According to those who have pondered such matters, who are mostly the Buddhists who take nature’s laws with enough seriousness to make following them the center of their practice, the karmic effect caused by theft is loss. If, in a past life, I have taken what has not been given me, I will lose something dear in this one. Following this line of reason, tragedy, death, ecological depredation, capitalist inequality, communist bullying, and a whole bunch more awful things, owe their existence less to human nature than to the fact that human society in the West was founded upon theft. Or, as Al Gore put it, a bit more delicately, "We live in an age of consequences."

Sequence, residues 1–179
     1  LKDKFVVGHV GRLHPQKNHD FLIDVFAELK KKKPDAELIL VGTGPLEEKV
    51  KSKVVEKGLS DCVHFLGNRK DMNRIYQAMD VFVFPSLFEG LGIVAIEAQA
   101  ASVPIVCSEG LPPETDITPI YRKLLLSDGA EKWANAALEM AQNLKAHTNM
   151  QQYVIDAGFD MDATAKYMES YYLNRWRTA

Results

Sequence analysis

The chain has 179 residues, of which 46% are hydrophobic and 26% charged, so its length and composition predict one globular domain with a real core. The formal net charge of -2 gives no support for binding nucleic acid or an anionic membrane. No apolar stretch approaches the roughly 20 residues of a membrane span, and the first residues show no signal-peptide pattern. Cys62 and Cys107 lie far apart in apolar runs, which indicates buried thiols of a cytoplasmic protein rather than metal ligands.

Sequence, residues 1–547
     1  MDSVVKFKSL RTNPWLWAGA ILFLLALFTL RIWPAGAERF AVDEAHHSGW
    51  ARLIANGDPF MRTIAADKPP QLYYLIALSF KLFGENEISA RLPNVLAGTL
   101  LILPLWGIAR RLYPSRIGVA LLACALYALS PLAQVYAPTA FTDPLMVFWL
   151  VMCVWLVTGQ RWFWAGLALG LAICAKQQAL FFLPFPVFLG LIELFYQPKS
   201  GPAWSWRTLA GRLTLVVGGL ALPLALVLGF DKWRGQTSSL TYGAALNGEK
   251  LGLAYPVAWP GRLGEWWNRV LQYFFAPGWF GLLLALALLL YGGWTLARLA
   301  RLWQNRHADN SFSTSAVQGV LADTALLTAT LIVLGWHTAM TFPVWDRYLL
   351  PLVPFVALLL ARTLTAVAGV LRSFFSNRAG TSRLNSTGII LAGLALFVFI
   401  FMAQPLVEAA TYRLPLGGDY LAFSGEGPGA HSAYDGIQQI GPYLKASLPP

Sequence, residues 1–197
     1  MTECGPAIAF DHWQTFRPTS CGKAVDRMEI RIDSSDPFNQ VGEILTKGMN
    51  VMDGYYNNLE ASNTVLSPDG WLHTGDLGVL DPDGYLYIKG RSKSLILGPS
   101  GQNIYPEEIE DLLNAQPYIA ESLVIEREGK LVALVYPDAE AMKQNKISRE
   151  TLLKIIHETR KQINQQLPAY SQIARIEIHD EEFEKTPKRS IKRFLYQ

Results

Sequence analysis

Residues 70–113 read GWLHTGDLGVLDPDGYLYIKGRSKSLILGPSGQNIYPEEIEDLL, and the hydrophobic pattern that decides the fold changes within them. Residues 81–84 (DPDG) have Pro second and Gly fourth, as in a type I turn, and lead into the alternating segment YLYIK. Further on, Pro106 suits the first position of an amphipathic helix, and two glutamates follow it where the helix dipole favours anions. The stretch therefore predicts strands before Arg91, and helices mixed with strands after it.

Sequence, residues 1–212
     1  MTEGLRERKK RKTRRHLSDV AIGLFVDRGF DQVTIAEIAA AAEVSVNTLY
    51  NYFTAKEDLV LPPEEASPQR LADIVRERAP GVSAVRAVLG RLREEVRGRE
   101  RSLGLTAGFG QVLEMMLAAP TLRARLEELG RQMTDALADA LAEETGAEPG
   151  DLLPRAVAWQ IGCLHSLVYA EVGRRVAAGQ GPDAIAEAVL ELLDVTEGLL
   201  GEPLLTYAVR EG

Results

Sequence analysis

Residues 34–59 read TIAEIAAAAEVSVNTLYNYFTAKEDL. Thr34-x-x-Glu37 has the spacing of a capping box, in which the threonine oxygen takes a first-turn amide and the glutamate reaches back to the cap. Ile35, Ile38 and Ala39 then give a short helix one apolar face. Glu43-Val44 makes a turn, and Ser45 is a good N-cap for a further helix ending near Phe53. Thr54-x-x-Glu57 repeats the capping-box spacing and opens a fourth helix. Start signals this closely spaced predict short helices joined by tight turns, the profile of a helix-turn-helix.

“The first hit is always free,” say my addict friends, so, yes, it is possible to delude ourselves that these ancient thefts led to Progress or were somehow compelled by Necessity. Prometheus stole fire, and we enjoyed some warmth, but fire made industrialism, war and slavery possible too. Fire is a deep metaphor for catastrophic drought. Gilgamesh and Enkiddu killed Humbaba and stole his trees which meant that man could build some self-important structures, but the gods demanded Enkiddu’s life in payment and death drove Gilgamesh mad. The Middle East became forever a rocky, deforested land. When Adam and Eve stole the fruit for which they were not yet ripe, they renounced their human nature for the chance to play God which, I must confess, looking at the record, we have not done very well. Cain stole his brother’s life and rid himself of a rival, but when he was forgiven by a generous God, he was already deranged and thought he had gotten away with murder. Cain, by the way, is the Judeo Christian founder of agriculture, which says that the Bible would agree that the agricultural revolution, and not industrialism, is where the problem started.